Bats are far too intelligent to seek the company of anything as dangerous as humans! Bats are also incredible at maneuvering in flight and will avoid humans. In the extremely rare occasion that this might happen, examine yourself for any bites or scratches, and consult a medical professional if you’re concerned.
Guano is actually an amazing fertilizer, as it is high in potassium nitrate, which plants love. Consider placing the BatBnB above a low-traffic, non-edible garden bed and the guano will help the plants grow big and strong. Be mindful however, that if too much guano is accumulated it could burn the plant like too much of any fertilizer, too much nitrogen. Interestingly enough, the potassium nitrate can also be extracted and used in gunpowder and explosives; guano was an important resource for that purpose during the American Civil War. Bat guano has also been found to preserve fossils.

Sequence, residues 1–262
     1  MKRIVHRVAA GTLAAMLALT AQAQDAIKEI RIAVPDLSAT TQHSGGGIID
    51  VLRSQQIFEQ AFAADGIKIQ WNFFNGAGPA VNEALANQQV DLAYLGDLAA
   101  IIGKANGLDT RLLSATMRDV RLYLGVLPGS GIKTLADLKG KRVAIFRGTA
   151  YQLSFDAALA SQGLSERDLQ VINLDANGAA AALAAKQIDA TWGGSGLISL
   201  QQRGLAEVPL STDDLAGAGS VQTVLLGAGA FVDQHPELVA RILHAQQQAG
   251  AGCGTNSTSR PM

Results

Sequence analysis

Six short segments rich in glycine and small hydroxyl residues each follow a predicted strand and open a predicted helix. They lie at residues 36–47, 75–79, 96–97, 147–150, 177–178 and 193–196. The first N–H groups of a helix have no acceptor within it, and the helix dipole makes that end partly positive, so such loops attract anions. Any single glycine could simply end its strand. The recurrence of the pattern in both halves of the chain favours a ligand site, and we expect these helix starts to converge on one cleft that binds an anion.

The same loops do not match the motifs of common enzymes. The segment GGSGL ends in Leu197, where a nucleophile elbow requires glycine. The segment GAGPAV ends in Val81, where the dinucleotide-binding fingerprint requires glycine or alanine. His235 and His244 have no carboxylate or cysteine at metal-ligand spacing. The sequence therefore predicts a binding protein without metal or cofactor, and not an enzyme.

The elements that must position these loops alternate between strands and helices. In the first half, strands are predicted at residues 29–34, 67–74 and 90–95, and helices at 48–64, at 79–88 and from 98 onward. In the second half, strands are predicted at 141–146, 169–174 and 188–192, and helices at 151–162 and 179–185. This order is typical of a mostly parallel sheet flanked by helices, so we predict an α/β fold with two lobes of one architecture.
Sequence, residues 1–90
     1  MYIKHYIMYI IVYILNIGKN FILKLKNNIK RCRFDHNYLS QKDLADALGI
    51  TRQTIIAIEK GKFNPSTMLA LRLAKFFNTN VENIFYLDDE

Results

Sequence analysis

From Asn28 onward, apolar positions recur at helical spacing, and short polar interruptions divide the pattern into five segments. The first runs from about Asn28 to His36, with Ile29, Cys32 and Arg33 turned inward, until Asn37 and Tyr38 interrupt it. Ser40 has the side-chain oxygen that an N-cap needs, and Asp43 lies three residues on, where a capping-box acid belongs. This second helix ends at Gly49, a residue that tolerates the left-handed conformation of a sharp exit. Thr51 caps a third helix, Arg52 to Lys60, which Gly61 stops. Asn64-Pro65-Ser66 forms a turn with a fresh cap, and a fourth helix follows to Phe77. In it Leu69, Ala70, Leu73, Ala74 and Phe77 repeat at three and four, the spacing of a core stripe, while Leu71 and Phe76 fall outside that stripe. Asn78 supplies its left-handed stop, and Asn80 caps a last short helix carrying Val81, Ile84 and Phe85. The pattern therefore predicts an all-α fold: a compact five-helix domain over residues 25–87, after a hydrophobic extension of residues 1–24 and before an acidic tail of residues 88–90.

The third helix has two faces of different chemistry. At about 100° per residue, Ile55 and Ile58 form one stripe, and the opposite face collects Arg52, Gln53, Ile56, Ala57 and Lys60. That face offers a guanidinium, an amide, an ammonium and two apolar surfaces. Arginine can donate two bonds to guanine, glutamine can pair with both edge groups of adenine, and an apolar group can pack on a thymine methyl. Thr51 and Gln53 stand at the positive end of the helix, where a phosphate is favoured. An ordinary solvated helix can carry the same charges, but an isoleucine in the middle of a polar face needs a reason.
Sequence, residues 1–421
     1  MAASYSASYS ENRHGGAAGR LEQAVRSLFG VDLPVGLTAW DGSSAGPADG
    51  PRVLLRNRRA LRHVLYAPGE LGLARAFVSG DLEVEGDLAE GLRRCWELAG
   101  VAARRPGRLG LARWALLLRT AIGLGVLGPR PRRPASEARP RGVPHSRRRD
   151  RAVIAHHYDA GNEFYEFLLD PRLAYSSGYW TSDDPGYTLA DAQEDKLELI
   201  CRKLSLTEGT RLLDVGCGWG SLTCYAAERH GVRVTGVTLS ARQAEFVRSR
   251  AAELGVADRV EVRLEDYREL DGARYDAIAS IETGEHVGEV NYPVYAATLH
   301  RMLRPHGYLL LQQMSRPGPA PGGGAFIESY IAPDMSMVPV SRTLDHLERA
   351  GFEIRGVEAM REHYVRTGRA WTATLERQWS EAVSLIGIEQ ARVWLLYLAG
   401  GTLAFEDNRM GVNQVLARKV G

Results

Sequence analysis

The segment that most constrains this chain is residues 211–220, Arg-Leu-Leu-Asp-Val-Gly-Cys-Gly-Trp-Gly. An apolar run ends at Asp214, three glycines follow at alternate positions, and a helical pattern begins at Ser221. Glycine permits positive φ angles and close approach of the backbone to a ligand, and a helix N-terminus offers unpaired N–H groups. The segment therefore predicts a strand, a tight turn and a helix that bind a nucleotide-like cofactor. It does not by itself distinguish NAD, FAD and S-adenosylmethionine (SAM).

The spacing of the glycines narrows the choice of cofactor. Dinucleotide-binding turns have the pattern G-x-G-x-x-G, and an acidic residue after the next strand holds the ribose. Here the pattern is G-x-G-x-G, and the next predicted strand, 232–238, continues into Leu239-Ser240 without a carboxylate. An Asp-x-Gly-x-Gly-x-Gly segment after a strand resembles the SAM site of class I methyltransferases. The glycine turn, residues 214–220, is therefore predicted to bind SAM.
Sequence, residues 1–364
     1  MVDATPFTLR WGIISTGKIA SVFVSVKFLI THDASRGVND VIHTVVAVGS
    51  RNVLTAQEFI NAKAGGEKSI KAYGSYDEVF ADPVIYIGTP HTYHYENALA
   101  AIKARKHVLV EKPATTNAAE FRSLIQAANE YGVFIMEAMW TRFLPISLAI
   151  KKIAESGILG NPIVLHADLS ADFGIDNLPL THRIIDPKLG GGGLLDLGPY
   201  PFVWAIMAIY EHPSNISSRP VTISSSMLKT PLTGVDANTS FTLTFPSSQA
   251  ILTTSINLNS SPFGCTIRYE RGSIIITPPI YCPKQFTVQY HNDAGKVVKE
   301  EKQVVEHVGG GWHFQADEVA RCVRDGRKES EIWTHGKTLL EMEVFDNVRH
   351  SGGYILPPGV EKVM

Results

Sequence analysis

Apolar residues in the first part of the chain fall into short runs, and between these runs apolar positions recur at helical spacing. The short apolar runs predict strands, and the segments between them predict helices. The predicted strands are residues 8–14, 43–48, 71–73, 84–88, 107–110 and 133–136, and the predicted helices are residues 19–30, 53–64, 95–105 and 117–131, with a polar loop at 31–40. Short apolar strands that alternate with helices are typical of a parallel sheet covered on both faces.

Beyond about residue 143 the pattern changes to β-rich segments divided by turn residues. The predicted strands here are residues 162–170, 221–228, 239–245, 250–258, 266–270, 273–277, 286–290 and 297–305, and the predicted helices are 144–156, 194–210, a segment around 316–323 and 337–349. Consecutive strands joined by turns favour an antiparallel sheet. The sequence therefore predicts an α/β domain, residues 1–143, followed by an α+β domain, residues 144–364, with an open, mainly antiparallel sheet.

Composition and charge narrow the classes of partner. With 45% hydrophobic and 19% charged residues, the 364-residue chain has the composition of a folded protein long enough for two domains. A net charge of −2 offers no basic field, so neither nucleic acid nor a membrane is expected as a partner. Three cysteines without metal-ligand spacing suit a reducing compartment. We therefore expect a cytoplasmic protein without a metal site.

Avoid touching or breathing in any guano personally, just as you would normally avoid any wild animal droppings. You’re actually more likely to get histoplasmosis from bird droppings than bat droppings, but nonetheless, steer clear of bat droppings and be safe. If you’re ever inclined to move your BatBnB or clean it up close during the winter after it’s already been occupied, then be sure to wear proper respiratory masks and goggles, and don’t breath in any dust. In general though, if you’ve never been overly concerned about bird poop in your life, then guano shouldn’t bother you.